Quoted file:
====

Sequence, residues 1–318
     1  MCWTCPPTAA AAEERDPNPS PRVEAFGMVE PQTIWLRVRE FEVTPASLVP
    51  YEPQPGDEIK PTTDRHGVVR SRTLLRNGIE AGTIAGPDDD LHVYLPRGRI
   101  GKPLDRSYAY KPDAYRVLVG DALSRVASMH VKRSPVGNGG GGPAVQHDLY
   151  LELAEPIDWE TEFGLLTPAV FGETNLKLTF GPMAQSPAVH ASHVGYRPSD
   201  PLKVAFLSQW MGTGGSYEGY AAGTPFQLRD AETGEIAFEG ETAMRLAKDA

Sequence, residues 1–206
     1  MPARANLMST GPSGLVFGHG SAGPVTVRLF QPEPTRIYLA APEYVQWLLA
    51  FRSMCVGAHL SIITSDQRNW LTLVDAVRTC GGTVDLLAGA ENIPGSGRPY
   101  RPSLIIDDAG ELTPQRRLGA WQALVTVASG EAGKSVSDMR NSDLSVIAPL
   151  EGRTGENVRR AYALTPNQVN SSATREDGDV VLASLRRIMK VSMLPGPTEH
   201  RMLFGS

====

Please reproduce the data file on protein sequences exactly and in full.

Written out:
Sequence, residues 1–318
     1  MCWTCPPTAA AAEERDPNPS PRVEAFGMVE PQTIWLRVRE FEVTPASLVP
    51  YEPQPGDEIK PTTDRHGVVR SRTLLRNGIE AGTIAGPDDD LHVYLPRGRI
   101  GKPLDRSYAY KPDAYRVLVG DALSRVASMH VKRSPVGNGG GGPAVQHDLY
   151  LELAEPIDWE TEFGLLTPAV FGETNLKLTF GPMAQSPAVH ASHVGYRPSD
   201  PLKVAFLSQW MGTGGSYEGY AAGTPFQLRD AETGEIAFEG ETAMRLAKDA

Sequence, residues 1–206
     1  MPARANLMST GPSGLVFGHG SAGPVTVRLF QPEPTRIYLA APEYVQWLLA
    51  FRSMCVGAHL SIITSDQRNW LTLVDAVRTC GGTVDLLAGA ENIPGSGRPY
   101  RPSLIIDDAG ELTPQRRLGA WQALVTVASG EAGKSVSDMR NSDLSVIAPL
   151  EGRTGENVRR AYALTPNQVN SSATREDGDV VLASLRRIMK VSMLPGPTEH
   201  RMLFGS